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  1. #1
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    Kincaid Trail Conditions

    Went for a little walk yesterday. Its still muddy!

    Attachment 803798

    Attachment 803799

    Attachment 803800

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    Attachment 803802

    Bolling Alley needs some love!

    Trail maintenance day is coming up soon!
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    Anchorage mountain biking trails: http://2tiredtracks.com

  2. #2
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    Dang! I'm heading up to Anchorage next week and was hoping to do a little riding. I guess the paved bikeway will have to do.

  3. #3
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    Quote Originally Posted by sivilized View Post
    Dang! I'm heading up to Anchorage next week and was hoping to do a little riding. I guess the paved bikeway will have to do.
    The bluff area trails are dry. I would argue common sense should prevail. Go ride, if you see mud or moose dont ride it. If you have to walk around more than a couple times, jump onto the ski trails or the road, then tell all your friends what you found.

    If you make a mistake and ride a soft trail, make sure to be at the trail work day.

    Trails are drying quickly, won't be long now...

  4. #4
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    I rode the last two nights to see how things where looking. As mentioned above the Bluff is awesome Motor cross to the beach. STA’s Tower of Power is terrible mud bog after mud bog. Bolling alley is good except for the section from the 3way intersection toward the VW bug junk car section lots of mud. Toiled bowl was great, Mighty bike is great, sugar Lumps is really good. You are good as long as you stay away from Tower of power and the one small section of Bolling alley, & L-trail because of Moose.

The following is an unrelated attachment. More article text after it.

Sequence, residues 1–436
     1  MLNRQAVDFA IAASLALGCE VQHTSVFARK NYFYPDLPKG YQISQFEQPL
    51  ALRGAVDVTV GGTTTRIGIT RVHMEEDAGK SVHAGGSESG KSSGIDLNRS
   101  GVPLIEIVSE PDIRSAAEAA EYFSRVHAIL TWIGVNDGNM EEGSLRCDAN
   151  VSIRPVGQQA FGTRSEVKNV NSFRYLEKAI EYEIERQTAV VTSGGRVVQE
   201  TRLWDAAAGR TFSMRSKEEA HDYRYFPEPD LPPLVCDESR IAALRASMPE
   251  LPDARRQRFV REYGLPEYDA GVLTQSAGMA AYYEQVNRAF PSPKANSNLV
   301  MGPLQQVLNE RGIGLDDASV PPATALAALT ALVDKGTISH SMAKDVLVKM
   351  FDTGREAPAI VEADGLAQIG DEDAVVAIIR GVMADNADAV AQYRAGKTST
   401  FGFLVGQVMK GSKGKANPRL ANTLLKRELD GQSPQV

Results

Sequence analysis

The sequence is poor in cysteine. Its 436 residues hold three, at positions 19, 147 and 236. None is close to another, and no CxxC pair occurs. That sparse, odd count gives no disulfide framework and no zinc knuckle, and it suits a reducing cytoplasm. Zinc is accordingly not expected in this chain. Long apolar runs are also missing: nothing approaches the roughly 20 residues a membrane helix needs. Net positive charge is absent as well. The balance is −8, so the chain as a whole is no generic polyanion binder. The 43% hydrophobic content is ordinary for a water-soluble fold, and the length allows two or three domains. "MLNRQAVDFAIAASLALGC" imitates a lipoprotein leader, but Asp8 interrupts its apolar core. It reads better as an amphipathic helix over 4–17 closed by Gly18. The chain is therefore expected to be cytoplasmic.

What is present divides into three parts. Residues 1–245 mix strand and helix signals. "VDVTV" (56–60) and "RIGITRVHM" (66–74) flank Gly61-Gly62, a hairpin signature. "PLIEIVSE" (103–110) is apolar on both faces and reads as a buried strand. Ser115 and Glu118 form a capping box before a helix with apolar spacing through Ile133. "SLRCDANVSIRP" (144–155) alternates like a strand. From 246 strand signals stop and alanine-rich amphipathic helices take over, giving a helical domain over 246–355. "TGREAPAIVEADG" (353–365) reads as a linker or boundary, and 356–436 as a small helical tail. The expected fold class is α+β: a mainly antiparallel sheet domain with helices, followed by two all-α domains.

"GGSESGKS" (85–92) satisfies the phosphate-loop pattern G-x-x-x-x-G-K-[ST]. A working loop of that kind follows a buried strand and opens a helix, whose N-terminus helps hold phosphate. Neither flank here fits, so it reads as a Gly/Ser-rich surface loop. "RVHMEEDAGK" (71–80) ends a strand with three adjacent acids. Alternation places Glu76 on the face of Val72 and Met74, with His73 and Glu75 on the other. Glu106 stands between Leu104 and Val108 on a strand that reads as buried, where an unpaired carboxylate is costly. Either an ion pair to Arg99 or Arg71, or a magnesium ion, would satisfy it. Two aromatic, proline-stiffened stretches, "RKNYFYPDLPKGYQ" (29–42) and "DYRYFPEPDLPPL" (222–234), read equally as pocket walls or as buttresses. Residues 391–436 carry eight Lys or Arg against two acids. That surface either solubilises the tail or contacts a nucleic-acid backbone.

5. #5
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    Quote Originally Posted by sivilized View Post
    Dang! I'm heading up to Anchorage next week and was hoping to do a little riding. I guess the paved bikeway will have to do.
    It's drying out pretty fast ('cept there's some wet weather predicted for the weekend!). Hillside is drying out fast, I was just up there. A few bogs and trails that aren't worth it, but many that are dry and tons of fun.

    I'm still looking for more suggestions too. Thinking of Eklutna over the weekend and the Kincaid stuff is dry. If anyone has any better ideas, please...
    Last edited by Jayem; 05-30-2013 at 11:35 PM.
    "It's only when you stand over it, you know, when you physically stand over the bike, that then you say 'hey, I don't have much stand over height', you know"-T. Ellsworth

    You're turning black metallic.

  6. #6
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    Great riding today! Not much wet where I was (Mighty Bike, CS Ex, Lee's Train, Sand Box, QFB), except for the lows in QFB. Get out there and enjoy the weather while it lasts!

  7. #7
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    litespeed's break

  8. #8
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    This is seriously out of control! I think it's time we discuss any options we may have to make recreating in our parks more safe. Two moose related incidents in a week resulting in injuries, and those park user's were not riding bicycles. I'd bet the unreported rate of incidents with moose are much higher. This is no longer a mt. biker only problem. It's a significant public safety concern. How may people need to get injured before the municipality and the state consider the safety of the people? What good are designated park lands if we can't use them?
    c

  9. #9